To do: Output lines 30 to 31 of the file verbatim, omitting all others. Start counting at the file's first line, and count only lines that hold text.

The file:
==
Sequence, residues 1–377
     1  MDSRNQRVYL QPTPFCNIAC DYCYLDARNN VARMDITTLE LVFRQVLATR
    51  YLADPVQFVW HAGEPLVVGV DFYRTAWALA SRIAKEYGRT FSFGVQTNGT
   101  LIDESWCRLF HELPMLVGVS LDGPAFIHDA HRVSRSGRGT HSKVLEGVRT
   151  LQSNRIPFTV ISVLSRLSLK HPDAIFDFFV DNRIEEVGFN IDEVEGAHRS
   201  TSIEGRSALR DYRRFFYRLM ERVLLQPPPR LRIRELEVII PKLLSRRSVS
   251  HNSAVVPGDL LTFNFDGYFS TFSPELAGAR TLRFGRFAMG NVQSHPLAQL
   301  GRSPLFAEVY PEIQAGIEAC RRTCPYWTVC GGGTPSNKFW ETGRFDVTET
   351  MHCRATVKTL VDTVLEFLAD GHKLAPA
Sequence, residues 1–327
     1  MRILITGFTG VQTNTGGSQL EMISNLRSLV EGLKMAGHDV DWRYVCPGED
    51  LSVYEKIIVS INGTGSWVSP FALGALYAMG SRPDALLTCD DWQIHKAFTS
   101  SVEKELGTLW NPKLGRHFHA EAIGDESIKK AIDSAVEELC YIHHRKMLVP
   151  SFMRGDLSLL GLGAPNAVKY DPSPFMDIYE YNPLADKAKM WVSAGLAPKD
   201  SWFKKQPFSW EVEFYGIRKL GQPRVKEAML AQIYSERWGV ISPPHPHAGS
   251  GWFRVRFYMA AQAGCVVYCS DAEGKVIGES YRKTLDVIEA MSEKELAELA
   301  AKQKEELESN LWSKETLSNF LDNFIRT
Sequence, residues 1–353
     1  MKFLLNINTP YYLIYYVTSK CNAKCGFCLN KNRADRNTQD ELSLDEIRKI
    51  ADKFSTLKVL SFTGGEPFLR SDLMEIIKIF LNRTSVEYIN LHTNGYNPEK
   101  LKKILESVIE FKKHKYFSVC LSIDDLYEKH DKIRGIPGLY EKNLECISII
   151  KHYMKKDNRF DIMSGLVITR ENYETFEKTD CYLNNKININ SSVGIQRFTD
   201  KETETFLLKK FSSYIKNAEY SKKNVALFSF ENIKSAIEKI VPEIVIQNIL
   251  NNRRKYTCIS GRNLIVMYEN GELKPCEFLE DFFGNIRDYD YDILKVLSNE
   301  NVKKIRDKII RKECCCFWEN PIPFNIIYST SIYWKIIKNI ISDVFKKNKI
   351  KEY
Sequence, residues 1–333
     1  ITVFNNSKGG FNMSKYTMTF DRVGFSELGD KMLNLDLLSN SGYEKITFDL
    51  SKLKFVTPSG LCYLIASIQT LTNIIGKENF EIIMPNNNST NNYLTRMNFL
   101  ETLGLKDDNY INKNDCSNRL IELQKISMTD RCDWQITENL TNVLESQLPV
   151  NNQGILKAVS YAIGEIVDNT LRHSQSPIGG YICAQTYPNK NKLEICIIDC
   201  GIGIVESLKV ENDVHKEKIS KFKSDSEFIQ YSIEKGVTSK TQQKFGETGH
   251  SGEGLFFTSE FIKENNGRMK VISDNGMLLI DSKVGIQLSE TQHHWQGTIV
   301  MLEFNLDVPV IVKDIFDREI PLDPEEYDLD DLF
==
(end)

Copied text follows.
   101  ETLGLKDDNY INKNDCSNRL IELQKISMTD RCDWQITENL TNVLESQLPV
   151  NNQGILKAVS YAIGEIVDNT LRHSQSPIGG YICAQTYPNK NKLEICIIDC